The drive to digitalise Southeast Asia’s economies accelerated during the pandemic in response to lockdowns and movement restrictions. This, coupled with working from home becoming essential for many, has contributed to a surge in the number of eCommerce fempreneurs in the region. 

Established female vendors showed greater interest in established eTail platforms such as Lazada and Shopee since many had to adapt to new ways of working in the COVID climate. 

International Women’s Day recently brought into focus the small, but growing, number of female entrepreneurs in Southeast Asia. Many articles were written to highlight the rise of female founders in the region, with a primary focus on females in tech in Southeast Asia. However, only 20% of startups in the world have at least one female founder. 

Women in tech: How Southeast Asia’s startup landscape is changing

Challenges to gender balance in the business ecosystem

While initiatives like the Lazada Forward Woman of the Year Award and Shopee’s support of women in eCommerce encourage female entrepreneurship, there is still a long way to go before there is even close to parity with the numbers of males at high levels in startups. The world of technology has long been regarded as something of an old boys’ club, with the male innovators and founders receiving the lion’s share of the support and plaudits. 

Unless their ideals align with established patriarchal prejudice, female-run businesses seldom have the same amount of access to resources as male-run businesses. 

Even when a woman breaks through the glass ceiling and rises to the head of a company or takes a seat in the boardroom, they are often subject to disparaging remarks, name-calling, and gender bias. This atmosphere creates an environment that discourages women from achieving their true potential or taking on the challenge of becoming entrepreneurs.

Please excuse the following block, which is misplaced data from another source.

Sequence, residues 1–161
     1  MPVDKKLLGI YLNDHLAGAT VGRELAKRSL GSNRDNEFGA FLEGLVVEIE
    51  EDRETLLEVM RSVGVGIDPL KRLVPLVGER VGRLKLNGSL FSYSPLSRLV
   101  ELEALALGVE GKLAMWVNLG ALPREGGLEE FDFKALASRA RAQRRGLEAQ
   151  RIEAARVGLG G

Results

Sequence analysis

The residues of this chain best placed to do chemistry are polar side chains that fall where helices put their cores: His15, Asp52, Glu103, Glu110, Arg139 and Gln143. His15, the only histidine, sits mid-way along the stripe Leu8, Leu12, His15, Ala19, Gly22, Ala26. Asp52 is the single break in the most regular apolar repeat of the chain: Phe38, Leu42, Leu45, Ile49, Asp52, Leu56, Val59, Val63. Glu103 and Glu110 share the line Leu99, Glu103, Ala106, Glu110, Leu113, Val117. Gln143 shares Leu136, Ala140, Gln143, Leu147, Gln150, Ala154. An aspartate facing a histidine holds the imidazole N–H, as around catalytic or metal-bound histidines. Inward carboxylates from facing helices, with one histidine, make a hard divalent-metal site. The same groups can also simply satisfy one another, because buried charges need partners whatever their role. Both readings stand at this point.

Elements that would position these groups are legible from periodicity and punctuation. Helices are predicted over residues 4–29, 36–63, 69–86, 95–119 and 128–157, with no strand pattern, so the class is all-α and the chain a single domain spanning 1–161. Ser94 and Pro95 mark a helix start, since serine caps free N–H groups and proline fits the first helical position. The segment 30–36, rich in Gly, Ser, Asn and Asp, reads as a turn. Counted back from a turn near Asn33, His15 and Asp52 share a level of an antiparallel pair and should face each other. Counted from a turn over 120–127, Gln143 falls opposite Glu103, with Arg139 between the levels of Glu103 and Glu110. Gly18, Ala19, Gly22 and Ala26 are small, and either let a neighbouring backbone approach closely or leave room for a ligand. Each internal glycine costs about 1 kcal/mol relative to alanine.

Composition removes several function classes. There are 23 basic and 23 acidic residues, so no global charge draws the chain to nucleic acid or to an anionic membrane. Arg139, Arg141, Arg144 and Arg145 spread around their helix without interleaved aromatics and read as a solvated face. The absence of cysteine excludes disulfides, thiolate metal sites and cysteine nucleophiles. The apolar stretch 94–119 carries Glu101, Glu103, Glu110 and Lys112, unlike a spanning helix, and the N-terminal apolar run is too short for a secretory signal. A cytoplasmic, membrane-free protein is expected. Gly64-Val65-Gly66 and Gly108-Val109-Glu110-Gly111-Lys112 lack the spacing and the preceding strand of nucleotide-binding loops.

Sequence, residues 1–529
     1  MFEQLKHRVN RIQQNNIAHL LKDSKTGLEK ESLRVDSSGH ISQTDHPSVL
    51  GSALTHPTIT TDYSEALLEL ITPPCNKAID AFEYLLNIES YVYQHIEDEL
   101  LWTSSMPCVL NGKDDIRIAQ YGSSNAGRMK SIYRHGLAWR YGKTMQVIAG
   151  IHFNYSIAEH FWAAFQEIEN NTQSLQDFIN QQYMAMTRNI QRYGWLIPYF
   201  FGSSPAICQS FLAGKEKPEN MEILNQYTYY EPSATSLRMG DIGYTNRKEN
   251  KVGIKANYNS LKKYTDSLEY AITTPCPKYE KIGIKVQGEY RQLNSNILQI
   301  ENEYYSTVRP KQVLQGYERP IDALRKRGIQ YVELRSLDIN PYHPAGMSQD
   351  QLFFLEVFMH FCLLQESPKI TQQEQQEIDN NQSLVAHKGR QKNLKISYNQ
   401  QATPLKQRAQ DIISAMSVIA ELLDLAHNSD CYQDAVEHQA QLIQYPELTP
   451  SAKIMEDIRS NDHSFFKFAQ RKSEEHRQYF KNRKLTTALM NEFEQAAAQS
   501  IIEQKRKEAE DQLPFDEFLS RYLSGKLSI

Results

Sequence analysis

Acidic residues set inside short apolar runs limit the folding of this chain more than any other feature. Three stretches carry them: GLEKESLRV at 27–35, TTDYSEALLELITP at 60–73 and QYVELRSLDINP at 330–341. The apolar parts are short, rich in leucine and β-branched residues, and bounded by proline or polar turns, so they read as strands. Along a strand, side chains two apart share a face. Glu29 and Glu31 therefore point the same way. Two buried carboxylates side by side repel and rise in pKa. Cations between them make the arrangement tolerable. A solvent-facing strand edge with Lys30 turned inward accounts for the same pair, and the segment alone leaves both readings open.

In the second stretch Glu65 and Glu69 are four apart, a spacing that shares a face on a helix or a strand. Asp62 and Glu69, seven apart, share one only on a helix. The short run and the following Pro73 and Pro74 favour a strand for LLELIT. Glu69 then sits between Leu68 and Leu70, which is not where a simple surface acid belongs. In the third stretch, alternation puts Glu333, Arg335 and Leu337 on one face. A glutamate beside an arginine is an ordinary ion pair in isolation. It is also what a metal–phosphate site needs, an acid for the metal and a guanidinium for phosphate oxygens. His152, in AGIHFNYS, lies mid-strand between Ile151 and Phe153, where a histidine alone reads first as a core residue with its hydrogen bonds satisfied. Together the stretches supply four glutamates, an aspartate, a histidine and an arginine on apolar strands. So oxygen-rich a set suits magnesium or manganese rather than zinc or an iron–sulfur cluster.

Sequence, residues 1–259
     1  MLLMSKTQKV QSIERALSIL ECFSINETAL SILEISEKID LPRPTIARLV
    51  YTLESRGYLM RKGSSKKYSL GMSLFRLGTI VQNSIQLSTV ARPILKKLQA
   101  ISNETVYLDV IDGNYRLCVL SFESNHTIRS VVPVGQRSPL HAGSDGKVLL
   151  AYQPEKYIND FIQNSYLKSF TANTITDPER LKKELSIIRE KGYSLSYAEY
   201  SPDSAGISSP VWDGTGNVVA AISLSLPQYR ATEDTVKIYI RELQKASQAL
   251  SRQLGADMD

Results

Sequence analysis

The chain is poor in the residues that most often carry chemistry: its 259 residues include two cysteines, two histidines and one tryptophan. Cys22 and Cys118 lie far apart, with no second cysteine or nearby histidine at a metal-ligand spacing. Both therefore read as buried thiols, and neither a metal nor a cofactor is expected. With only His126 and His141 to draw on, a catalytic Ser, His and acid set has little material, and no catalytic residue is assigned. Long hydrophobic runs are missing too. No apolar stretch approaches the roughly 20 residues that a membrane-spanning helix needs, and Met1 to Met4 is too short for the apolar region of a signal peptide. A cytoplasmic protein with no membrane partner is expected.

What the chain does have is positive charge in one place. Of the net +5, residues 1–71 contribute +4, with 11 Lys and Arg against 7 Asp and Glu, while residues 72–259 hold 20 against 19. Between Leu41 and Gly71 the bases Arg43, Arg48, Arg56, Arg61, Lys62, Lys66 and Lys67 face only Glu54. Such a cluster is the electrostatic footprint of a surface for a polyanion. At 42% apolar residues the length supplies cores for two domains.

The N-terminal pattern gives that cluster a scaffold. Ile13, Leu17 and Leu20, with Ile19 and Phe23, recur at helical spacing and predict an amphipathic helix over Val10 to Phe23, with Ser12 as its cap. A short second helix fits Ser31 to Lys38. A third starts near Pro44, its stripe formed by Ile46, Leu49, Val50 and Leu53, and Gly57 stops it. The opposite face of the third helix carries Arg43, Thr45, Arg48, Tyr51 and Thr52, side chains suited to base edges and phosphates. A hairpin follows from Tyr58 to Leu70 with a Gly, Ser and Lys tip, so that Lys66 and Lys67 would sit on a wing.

Despite the encouraging growth in funding, some efforts to funnel more money into female-run companies through Gender Lens Investing (GLI) projects are being met with “pinkwashing” accusations. This negativity is causing reluctance from some venture capitalists (VCs) to back female entrepreneurs. 

Financing women in tech

It is not all doom and gloom, however, as angel investors and VCs are slowly beginning to invest in companies with women at the helm. In 2021, over $4.4 billion USD in funding was raised by startups that were founded or co-founded by women. This, according to the Female Founders in SE Asia 2021 report, equates to 17.2% of all funds raised in the region for the year and is an increase from the previous year’s 16.5%. 

While these figures are encouraging, a closer examination reveals that there is still a significant funding difference between the genders. Companies with a woman as the only founder raised just 0.6 percent of the total, or $159 million USD; however, the trend was more positive for companies with a female cofounder. They raised $2.13 billion USD, or 8.9% of the total raised by private companies in the region, doubling the amount raised the previous year.

Although there has been an increase in the number of females working at high levels in tech startups in Southeast Asia, many female founders and cofounders continue to struggle to attract investments in funding rounds. In the US, female-founded companies only received 2.1% of the capital invested by VCs in startups.

Pioneering Southeast Asian women

Some of the region’s most successful companies, such as Grab, Love, Bonito and VietJet Air, have female founders or cofounders. Tan Hooi Ling, Rachel Lim, and Nguyen Thi Phuong Thao, respectively, have grown their businesses from the ground up and challenged the gender bias of the tech and aerospace sectors. Along with many other Southeast Asian women, they have disrupted male-dominated industries and successfully pushed through the barriers. 

With these trailblazing females as examples of what is possible, many more women should be encouraged to revolutionise emerging industries and rise to the top of the corporate ladder in future unicorns. With the region’s population split almost 50-50 between the genders, it doesn’t make sense for startups to discriminate and continue failing to recognise the role that women can play in the development of tech and eCommerce. 

As the region readjusts and reboots the economy post-pandemic, encouraging more women to start businesses and to challenge for higher-level positions in companies is essential. Research is unanimous in its findings that diversity in the boardroom improves every aspect of a startup. Angel investors and VCs must realise this and channel more investment into the startups that champion women. 

Encouraging and supporting female entrepreneurs in Southeast Asia is crucial if the region’s startup ecosystem wishes to continue being a hotbed for tech development and innovation. The time has come to recognise the females in tech in Southeast Asia and give them a larger share of the funding pie.